Sensation vs Perception Debate
  • Dr. Richard McIlmoyle

Sensation vs Perception Debate

This one has dragged on long enough that we may be able to define it a as a chronic discussion, don’t you think? ;)

What struck me today is that the discussion is arbitrarily creating a false dichotomy.

Both at the same time??

The IASP definition which I seem to recall, is frequently referenced, states that Pain is a “sensory and emotional experience” Why then are we arguing about whether it is a sensation or perception (I know why… Lorimer Moseley et al have discussed it as such at some point)(1).

When clearly, it is an experience during which we have the embodied perception of a sensory experience.

I have challenged myself to read through what may have been hours of Facebook posts, involving pithy comments by the likes of Ben Cormack, Adam Meakens, as well as posts/blogs by Bronnie Lennox-Thompson, Todd Hargrove (2) and Monika Noy (Noij??).(3)

All the while trying to grasp whether there is any meat on the bone of this discussion (dare I say argument) that I should wrap my head around to help me be a better practitioner?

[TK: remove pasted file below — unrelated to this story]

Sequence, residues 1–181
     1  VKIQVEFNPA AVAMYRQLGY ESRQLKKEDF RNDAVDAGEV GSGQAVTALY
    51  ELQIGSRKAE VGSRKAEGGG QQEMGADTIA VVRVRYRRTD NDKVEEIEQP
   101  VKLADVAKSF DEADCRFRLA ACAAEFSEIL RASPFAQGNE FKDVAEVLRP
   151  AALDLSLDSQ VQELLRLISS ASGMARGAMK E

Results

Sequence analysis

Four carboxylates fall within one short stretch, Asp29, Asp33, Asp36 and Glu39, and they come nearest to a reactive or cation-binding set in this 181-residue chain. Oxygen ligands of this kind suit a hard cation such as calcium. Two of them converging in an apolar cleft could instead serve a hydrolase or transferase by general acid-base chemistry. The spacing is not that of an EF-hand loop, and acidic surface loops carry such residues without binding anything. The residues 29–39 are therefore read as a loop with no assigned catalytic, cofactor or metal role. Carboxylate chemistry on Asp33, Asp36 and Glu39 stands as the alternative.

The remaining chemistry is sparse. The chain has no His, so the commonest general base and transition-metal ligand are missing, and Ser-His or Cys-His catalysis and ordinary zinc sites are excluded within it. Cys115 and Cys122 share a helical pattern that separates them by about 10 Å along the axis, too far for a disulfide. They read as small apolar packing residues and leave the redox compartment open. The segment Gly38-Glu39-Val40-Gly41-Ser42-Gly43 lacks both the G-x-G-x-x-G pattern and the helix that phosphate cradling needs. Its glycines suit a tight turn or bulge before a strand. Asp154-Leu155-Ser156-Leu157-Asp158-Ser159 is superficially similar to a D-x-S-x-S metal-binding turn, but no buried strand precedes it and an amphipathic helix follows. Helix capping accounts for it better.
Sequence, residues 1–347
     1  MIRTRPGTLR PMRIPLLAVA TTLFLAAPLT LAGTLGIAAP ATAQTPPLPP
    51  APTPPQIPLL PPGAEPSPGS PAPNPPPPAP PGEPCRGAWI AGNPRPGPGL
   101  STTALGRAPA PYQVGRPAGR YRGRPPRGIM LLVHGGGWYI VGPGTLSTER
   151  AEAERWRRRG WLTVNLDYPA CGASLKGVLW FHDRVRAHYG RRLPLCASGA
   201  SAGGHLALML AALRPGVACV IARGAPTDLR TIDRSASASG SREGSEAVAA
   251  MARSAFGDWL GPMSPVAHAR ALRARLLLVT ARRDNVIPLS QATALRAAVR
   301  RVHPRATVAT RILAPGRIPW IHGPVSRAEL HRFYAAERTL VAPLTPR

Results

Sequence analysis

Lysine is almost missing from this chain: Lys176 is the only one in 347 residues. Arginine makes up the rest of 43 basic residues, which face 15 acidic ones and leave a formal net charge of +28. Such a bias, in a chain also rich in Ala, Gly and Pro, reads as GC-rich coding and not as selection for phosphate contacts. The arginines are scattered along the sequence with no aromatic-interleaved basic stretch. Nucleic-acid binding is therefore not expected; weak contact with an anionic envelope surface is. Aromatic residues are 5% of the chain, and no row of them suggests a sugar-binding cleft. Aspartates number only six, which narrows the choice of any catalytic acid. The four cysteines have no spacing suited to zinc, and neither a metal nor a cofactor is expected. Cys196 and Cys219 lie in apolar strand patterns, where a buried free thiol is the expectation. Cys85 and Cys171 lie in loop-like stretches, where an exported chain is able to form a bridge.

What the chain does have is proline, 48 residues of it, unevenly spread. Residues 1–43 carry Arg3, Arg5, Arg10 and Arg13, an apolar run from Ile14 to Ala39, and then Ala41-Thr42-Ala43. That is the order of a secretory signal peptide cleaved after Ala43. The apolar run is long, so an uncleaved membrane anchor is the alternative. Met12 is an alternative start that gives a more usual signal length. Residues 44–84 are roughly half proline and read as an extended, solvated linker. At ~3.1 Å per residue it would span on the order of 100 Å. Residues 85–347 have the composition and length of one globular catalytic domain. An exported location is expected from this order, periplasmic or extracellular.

I had exhausted all avenues and put it to bed until I saw some comments/echoes of the discussion. John Quintner was responding to some comment or another and It struck me, that the reason it had all seemed to be pedantic is that there is a flaw to the argument. It is forcing us to choose between two options that are not independent or present/absent in the experience.

One does not have the experience of pain without perceiving a sensation. There is a conscious awareness that exists when we experience pain that cannot be divorced from sensory experience. Having retained all of my limbs and avoided the experience of a phantom limb, I cannot speak from experience here, however I have spoken with patients with phantom limbs. They have informed me that they do indeed have a perception of sensations in their limbs. The sensory receptors do not exist, yet most of the rest of the hardware (involving the neural activity that represents that limb) does still exist. Albeit, perhaps altered.4,5

So, can't we put this one to bed, by saying pain is an EXPERIENCE, that involves the perception of a sensation???



P L E A S E ! ! ! !

1. Tabor, A., Thacker, M. A., Moseley, G. L., & Kö Rding, K. P. (2017). Pain: A Statistical Account.


3. 4. Condés-Lara, M., Barrios, F. A., Romo, J. R., Rojas, R., Salgado, P., & Sánchez-Cortazar, J. (2000). Brain somatic representation of phantom and intact limb: a fMRI study case report. European Journal of Pain, 4(3), 239–245.

5. Montoya, P., Ritter, K., Huse, E., Larbig, W., Braun, C., Töpfner, S., … Birbaumer, N. (1998). The cortical somatotopic map and phantom phenomena in subjects with congenital limb atrophy and traumatic amputees with phantom limb pain. European Journal of Neuroscience, 10(3), 1095–1102.


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